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Muscle research earns American Physiological Society Accolade

Released: 08.01.18

Plymouth Marjon University Associate Professor Dr Christina Karatzaferi was recently distinguished for writing one of the best recently published articles in physiological research by the American Physiological Society. Dr Karatzaferi and her University of Kent co-authors (N. Adamek and M. A. Geeves) were noted for an original article accepted in the American Journal of Physiology. This research deals with how fatigue affects how well our muscles work.

Muscle fatigue contributes to a range of problems, from sporting underperformance to elderly falls. Sharing of the research by this prestigious publication showcases the high level of expertise of researchers at Plymouth Marjon University.

Dr Karatzaferi is the Director of the Experimental Myology and Integrative Physiology Research Cluster, and she recently celebrated twenty years of muscle research.  She coordinates a 1.45 euro consortium grant from the EU Horizon 2020 RISE programme ‘Muscle Stress Relief’ ( to investigate interaction between muscles and systemic diseases, working with academics and innovators from over 14 other institutions from Europe, the USA and South Africa.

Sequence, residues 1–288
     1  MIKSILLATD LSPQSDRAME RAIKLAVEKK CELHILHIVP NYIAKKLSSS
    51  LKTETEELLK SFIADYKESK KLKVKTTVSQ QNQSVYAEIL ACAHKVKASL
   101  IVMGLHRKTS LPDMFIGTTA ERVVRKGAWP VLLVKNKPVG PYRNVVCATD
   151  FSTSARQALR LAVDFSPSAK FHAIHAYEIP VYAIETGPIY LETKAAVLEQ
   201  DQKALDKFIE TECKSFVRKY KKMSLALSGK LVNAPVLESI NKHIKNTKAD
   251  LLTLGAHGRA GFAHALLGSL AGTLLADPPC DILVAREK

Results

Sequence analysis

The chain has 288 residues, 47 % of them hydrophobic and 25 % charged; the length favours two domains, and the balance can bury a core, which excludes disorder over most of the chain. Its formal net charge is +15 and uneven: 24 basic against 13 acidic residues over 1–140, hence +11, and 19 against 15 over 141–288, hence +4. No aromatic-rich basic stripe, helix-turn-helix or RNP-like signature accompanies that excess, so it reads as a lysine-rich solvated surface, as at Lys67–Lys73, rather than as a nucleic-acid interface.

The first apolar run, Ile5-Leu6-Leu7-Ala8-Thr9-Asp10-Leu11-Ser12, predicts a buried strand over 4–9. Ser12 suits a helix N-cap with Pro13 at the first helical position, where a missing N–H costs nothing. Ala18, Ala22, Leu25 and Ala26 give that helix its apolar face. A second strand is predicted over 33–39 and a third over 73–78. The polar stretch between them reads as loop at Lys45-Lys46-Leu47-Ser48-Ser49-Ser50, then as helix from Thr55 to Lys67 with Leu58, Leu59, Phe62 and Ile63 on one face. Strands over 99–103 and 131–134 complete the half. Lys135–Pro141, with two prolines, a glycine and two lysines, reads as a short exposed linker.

Why is this research important?

Muscle dysfunction has become an issue of growing social, economic and medical importance. Many medical or lifestyle conditions lead to a progressive loss of muscle strength. In the future, these conditions are predicted to gravely impact on life quality of millions of people. Christina aims to not only reveal basic mechanisms behind muscle dysfunction but to also inform new therapies and interventions to help preserve or improve skeletal muscle functions.

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